RtO: Ultimate Reality

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Each week, author and poet Y.S. Fing looks at the state of baseball, the movements of the game, the ebb and flow and soul of America’s pastime in Roaming the Outfield. This week: “Ultimate Reality”
To delve a little more deeply into konomama, which is a Zen concept, let’s look to the source from which this Japanese idea developed, Siddhartha’s notion of ultimate reality. Siddhartha observed and taught that all of nature existed in a state of permanent change. Like a river flowing toward an ocean, nothing is ever the same for more than a moment. All moments change. This disrupting notion highlights the illusion under which people live, that things will forever stay the same.

Much of my understanding of this comes from What the Buddha Taught, by Walpola Rahula. Rahula says that Siddhartha wondered, ‘Well, what is the opposite of permanent change? What is the one state that would never change?’ And he decided that the changeless state existed in ultimate reality – nothingness. He said that human beings would return to that nothingness which occupied them before they were born and came to consciousness, and that Nature too would someday cease changing and become empty. The ultimate reality is emptiness.

Siddharta Gautama Buddha

Siddharta Gautama posited that the end of all things was nothingness.

That is a pretty honking huge idea to latch onto and contemplate. Siddhartha knew that understanding of it would only come after years of diligent meditative and physical work. In modern Western society, we often look to athletes to dedicate themselves to years of a priestly traveling life and then to reveal the glories and secrets therein. But really, besides Kevin Millar, there aren’t any true philosophers in baseball.

Siddhartha’s hope and expectation, when one chooses to follow the path he followed, is that a person can be both fully aware of each konomama that passes and in close contact with the emptiness that encompasses our time on earth. Knowledge of each informs the other. If one disciplines the mind and body to a task, then when the occasion comes to take up that task, one knows how to commence and succeed. We train ourselves because we want to be ready for the konomama of our lives, to take advantage of those moments when we need to fulfill our tasks.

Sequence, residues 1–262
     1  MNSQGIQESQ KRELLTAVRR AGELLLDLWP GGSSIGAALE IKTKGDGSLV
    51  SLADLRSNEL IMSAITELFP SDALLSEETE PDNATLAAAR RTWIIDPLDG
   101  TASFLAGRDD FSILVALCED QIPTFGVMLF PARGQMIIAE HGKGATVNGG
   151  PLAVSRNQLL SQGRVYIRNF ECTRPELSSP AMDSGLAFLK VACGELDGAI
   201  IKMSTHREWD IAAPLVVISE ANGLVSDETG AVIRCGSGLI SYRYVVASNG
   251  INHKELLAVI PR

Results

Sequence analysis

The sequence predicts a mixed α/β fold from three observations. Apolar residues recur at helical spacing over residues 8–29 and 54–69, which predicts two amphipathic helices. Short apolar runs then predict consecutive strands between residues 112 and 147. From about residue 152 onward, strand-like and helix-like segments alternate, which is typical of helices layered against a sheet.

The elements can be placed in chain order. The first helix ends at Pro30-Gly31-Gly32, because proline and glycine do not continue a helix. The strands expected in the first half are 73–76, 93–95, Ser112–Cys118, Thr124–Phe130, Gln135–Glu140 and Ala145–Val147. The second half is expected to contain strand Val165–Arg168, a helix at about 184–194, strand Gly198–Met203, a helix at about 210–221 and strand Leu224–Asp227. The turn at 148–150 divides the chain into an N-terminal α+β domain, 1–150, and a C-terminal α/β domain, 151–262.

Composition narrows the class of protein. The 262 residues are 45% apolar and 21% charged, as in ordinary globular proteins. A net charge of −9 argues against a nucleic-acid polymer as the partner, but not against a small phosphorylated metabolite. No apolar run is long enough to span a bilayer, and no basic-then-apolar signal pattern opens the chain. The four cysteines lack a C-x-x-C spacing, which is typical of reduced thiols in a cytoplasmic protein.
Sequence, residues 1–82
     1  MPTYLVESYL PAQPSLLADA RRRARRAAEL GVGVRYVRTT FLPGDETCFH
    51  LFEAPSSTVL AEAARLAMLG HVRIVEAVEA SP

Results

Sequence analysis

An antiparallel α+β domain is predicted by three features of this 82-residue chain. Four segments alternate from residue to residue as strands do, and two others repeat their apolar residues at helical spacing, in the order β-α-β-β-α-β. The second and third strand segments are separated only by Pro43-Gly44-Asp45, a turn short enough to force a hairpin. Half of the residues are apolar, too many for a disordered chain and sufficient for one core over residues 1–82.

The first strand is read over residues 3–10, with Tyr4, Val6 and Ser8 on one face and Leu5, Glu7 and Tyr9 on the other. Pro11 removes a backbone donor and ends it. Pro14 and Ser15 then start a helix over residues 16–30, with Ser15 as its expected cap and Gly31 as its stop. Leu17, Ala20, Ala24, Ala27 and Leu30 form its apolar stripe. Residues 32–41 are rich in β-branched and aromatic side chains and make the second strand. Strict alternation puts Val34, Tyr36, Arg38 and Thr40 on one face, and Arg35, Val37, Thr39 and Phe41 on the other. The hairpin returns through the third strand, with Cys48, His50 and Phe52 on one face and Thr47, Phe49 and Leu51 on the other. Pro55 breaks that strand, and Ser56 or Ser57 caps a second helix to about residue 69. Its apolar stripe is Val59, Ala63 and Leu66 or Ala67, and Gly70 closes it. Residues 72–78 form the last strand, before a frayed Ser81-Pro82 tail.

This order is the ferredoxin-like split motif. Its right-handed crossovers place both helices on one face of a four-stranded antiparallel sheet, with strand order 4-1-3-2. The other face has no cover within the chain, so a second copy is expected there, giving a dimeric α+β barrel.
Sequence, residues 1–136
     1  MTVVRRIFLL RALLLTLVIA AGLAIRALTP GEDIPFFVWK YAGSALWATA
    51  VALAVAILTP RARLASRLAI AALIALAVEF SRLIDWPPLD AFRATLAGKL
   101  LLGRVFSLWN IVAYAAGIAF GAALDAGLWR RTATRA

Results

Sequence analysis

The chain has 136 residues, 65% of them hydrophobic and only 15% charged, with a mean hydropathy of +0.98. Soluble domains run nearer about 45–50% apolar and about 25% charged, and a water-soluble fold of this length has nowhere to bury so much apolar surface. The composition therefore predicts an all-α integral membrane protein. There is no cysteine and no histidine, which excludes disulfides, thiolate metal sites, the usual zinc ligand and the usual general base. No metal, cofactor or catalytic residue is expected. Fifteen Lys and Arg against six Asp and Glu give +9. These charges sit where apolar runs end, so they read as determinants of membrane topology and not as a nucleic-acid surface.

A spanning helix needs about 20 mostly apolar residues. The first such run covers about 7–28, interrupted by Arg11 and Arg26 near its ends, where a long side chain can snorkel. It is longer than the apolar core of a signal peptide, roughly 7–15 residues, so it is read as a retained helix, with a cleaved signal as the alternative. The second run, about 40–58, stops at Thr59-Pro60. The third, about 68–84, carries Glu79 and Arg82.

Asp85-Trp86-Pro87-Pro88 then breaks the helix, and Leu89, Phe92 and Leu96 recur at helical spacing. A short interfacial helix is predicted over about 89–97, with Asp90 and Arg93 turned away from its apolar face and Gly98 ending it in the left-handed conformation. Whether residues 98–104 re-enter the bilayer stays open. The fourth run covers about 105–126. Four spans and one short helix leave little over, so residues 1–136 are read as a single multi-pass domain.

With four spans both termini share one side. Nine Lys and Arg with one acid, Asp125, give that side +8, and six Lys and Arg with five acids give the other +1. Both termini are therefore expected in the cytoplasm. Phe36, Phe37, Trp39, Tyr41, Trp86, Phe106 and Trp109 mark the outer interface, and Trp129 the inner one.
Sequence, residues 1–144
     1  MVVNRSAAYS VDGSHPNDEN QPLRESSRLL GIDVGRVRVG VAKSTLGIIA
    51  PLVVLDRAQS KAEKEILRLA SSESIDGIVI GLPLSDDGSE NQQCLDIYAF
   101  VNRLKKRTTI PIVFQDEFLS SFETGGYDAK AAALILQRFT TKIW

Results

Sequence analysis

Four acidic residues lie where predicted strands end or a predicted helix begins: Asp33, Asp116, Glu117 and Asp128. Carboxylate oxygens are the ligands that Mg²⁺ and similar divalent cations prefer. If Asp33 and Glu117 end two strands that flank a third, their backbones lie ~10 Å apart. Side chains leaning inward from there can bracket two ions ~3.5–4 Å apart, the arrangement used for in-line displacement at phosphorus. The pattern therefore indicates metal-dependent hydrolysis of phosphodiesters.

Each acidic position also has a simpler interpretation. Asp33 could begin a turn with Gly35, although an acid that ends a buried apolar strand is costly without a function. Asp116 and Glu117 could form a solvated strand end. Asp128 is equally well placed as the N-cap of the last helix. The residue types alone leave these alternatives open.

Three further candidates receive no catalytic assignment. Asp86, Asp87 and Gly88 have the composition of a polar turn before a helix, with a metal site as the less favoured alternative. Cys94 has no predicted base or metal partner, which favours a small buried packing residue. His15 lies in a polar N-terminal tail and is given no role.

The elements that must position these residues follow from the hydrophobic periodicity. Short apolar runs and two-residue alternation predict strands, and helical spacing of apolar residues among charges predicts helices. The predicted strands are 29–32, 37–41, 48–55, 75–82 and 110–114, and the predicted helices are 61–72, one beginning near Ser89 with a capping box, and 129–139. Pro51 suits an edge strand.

When we know that emptiness is nothing but the ultimate destination of all reality, perhaps standing in a chalk rectangle on a baseball diamond and swinging cylindrical lumber at round leather isn’t any more absurd than anything else. It certainly isn’t as arduous as Sisyphus and his rock. With the familiarity and facility which come with discipline, a baseball player relaxes into greatness. Because they hardly know where their will to discipline and success come from, you hear athletes and ballplayers thank God for their gift and blessings. But I’m aiming for a secular morality, and I prefer to take my succor from emptiness.

But I also take my succor from baseball. Even if I’m not capable of knowing the konomama in my own life, I can sure see it on the baseball field. As the play begins, all the defensive players stand in one place, waiting. “Here’s the wind-up, and the pitch…” Everyone must be on their toes, prepared for anything, anticipating each possible move. When the big moments come, every pitch is a moment of great possibility, fileld with hope and meaning. That is the best kind of baseball, and it can happen at any level in any leagues. But, all respect to Asian and Caribbean baseball, Major League Baseball is where baseball is played best.

Great players who persevere like Ichiro Suzuki demonstrate Buddha's 'Ultimate Reality.' (Martinez/Getty)

Great players who persevere like Ichiro Suzuki demonstrate Buddha’s ‘Ultimate Reality.’ (Martinez/Getty)

The people who succeed the longest–your Ichiro Suzukis, Albert Pujolses, Greg Madduxes–are the ones who overcome their distractions, who stay in the moment, who, I like to think, face the emptiness within, and do what is needed: a great outfield assist, a huge three-run double, a stunning nine-inning shutout.

Werthquake remains a touchstone for me, a thirteen-pitch at-bat by Jayson Werth ending in a walk off home-run in an elimination playoff game, at home. Some of the reasons this moment so enthralls me are that it demonstrates the probability of failure, it reveals that emptiness can be a balm to our excitement, and it shows how to face such moments ourselves. The actuality of that moment was the complete fulfillment of the task at hand, the konomama supremely manifest.

But in a regular season, these moments come in every well-played game. That’s why there is an entire television network devoted to MLB. Digital imagery means having every game available, every highlight play, within minutes. And the highlights can occupy hours of time (which my wife rues). Each one shows a man who is taking up the existential emptiness in an athletic contest and succeeding due to skill and will: a man who has accepted and internalized discipline.

Siddhartha and Zen philosophy both encourage us, everyone, to realize the emptiness within, and to allow that knowledge to make your life better. If nothing else, my life is better when I see the konomama of a timely hit and strong bullpen work, which us Nationals fans are finally beginning to see this June. Now is the time to focus on your team and how they play. As the summer truly gets under way, teams get healthy and become Zen baseball machines. This will be an ultimate reality worth meditating upon.


Y.S Fing loves baseball the way that his parents wish he loved Catholicism.